It’s mid-September, which means the calm of summer’s September has passed.
The Fall Run is kicking into gear island-wide as reports of albies improve and striped bass fishing picks up steam. Until last week, fluke had been the primary target across much of Long Island, but as weather worsens and water temperatures cool, striper fishermen come out of the woodwork.
September is notorious for delivering a few residual tropical storms and hurricanes to the northeast, which will deter a majority of anglers, namely boat fishermen, from taking to the water on some of the fishiest days of the migration. Long Island sits perfectly in the path of storms hugging the coast as they travel north, so these are opportunities to push your limits and catch some quality fish while you’re at it. However, I can’t stress enough the importance of planning for the worst-case scenario. Plan appropriately for the wind, weather and surf conditions and you’ll have a blast out there.
There’s so much good fishing to be had from the North Shore to South Shore and everywhere in between. The early Fall sees a wide variety of bait moving en masse around inlets and open beaches on both shores, where current decides the direction of travel for these schools rather than the fish themselves.
Looking for Tim Regan’s Eastern Long Island Fishing Report? Read about the bite around Suffolk County and The Forks here!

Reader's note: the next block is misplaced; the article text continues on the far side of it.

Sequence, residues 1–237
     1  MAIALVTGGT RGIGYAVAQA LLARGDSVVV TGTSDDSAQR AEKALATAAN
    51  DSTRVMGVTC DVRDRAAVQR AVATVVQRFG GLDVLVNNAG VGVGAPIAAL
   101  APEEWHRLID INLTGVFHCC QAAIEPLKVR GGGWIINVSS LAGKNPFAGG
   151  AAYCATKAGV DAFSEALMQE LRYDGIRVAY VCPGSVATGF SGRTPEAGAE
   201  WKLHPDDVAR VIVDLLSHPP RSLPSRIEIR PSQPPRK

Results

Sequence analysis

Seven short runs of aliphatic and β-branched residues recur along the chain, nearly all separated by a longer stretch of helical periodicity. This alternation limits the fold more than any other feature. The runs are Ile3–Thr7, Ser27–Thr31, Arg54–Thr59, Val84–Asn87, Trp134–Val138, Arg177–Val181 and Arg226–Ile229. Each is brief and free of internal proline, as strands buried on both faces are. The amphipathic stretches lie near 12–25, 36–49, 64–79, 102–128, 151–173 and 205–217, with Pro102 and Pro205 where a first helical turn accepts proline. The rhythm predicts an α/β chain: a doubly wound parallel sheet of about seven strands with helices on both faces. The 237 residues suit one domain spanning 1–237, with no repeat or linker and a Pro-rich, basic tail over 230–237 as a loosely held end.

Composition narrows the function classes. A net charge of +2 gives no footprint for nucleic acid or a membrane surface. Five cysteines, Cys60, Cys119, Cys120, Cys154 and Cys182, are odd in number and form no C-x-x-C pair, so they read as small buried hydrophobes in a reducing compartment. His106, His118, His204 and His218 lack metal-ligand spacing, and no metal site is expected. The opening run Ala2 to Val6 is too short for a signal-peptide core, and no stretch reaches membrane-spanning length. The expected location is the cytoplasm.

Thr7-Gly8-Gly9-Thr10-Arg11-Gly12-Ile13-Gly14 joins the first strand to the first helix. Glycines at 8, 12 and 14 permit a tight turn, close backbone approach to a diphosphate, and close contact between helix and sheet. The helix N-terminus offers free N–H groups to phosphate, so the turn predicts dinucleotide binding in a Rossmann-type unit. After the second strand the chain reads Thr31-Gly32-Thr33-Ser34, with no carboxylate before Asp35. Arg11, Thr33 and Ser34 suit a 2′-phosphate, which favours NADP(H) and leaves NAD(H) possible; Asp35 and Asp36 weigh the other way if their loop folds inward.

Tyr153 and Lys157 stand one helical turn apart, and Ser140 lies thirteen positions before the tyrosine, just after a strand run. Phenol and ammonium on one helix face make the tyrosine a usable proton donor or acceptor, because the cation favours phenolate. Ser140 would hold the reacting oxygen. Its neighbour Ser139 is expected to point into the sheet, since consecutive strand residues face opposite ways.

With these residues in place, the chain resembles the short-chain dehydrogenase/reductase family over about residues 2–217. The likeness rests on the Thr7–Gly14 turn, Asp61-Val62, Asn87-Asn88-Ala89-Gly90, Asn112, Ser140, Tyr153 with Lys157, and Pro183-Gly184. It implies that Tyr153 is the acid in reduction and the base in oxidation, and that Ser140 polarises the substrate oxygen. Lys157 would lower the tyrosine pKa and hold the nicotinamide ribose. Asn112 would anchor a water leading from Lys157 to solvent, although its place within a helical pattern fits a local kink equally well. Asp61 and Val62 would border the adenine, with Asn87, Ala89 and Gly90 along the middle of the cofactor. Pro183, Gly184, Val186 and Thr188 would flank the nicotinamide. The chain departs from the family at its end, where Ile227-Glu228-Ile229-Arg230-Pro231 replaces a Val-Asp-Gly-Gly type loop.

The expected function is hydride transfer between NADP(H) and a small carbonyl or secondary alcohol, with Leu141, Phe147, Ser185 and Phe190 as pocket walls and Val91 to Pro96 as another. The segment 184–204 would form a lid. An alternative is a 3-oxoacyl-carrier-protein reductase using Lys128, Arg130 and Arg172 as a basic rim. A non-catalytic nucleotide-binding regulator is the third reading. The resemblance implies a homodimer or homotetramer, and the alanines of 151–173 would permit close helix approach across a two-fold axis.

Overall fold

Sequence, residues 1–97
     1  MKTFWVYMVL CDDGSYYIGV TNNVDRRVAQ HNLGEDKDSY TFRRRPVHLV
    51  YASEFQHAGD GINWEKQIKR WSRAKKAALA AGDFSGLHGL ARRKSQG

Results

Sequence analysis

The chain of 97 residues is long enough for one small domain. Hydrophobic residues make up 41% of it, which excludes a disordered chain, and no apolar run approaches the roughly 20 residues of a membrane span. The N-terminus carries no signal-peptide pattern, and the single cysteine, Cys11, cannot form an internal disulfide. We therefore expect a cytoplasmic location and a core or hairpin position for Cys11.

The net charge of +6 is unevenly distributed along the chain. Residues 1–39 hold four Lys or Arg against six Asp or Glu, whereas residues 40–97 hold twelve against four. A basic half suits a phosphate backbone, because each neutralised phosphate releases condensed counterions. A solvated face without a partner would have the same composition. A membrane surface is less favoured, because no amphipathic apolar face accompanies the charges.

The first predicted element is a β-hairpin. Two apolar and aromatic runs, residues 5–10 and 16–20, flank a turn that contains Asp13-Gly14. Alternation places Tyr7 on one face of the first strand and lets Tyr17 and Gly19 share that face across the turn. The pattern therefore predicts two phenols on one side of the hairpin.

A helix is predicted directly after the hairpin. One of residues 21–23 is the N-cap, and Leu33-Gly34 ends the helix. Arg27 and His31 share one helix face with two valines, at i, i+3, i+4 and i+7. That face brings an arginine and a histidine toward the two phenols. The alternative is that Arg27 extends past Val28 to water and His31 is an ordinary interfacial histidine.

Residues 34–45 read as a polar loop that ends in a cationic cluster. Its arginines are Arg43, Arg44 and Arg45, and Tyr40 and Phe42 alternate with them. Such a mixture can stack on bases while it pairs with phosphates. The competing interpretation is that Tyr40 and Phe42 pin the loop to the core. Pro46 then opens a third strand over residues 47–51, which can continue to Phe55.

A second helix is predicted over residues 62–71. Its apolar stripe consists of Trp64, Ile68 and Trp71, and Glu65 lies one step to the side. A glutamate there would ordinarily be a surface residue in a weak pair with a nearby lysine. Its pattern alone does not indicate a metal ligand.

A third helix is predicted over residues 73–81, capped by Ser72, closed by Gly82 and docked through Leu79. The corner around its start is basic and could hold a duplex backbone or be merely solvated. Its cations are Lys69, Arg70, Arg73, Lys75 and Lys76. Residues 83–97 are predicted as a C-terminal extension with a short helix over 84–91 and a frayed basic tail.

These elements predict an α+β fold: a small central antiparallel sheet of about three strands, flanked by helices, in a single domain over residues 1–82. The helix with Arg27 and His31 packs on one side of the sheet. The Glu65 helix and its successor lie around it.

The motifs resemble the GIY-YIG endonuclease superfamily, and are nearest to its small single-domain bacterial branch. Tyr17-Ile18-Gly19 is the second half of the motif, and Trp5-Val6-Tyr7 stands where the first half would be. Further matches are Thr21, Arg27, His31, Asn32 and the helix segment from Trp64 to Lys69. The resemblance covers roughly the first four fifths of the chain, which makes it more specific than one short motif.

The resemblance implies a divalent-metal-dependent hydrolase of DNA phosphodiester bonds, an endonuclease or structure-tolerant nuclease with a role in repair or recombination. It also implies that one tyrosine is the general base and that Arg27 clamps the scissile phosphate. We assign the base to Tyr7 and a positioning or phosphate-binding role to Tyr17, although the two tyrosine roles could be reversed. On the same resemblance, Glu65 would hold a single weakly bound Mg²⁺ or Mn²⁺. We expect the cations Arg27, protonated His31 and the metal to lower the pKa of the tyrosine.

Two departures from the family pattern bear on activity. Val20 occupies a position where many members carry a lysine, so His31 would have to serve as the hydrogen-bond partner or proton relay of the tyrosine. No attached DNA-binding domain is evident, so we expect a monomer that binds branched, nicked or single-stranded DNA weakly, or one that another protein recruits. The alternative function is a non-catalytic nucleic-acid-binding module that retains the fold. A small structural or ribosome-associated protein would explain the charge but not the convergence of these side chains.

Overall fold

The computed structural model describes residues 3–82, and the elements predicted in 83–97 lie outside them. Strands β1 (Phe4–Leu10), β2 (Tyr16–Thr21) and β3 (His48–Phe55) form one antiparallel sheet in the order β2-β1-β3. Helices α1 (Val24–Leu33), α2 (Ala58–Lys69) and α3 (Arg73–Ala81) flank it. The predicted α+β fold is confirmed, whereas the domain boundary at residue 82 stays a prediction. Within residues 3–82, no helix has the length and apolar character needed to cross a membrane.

When the wind is blowing good, I leave the fluke bite alone. The bottom gets churned up which inhibits visibility, making it tough to catch fluke unless you drop your sinker on its head. However, fishing for striped bass and bluefish is usually good under these conditions, but especially with cloud cover.
The bays are a great place to start the search for stripers and blues, especially immediately inside the inlet. Metals like Kastmasters, Krocodile spoons and Luhr Jensens will mimic the smaller forage in the water by reflecting light as they’re retrieved. On the cloudier, choppy days though, something that illicits sound and/or vibration will be more likely to entice a bite. I still favor throwing Super Strike Little Neck poppers and Gibbs Polaris poppers from the jetties when it’s blowing hard; something about the popper throwing water in larger surf seems to get the blues riled up (not that it takes much work to excite bluefish).
In other news, weakfish are making a strong showing on the North shore. Most of the consistent action remains East of the Nassau/Suffolk divide, but Jamaica Bay is also a great place to look for these remarkably iridescent fish. Try jigging soft plastics through deep pockets in channels that have good current, because weakfish will stack up and aggressively strike paddletails that get pushed by in the current. Just make sure to keep the drag a little bit loose if you want to keep them pinned; weakfish are named not for their own strength, but the minimal strength of their paper-thin mouths.
It won’t be long before the weakfish bite dies off, leaving us with several species of hardtails to target along with the usual suspects (bass and blues).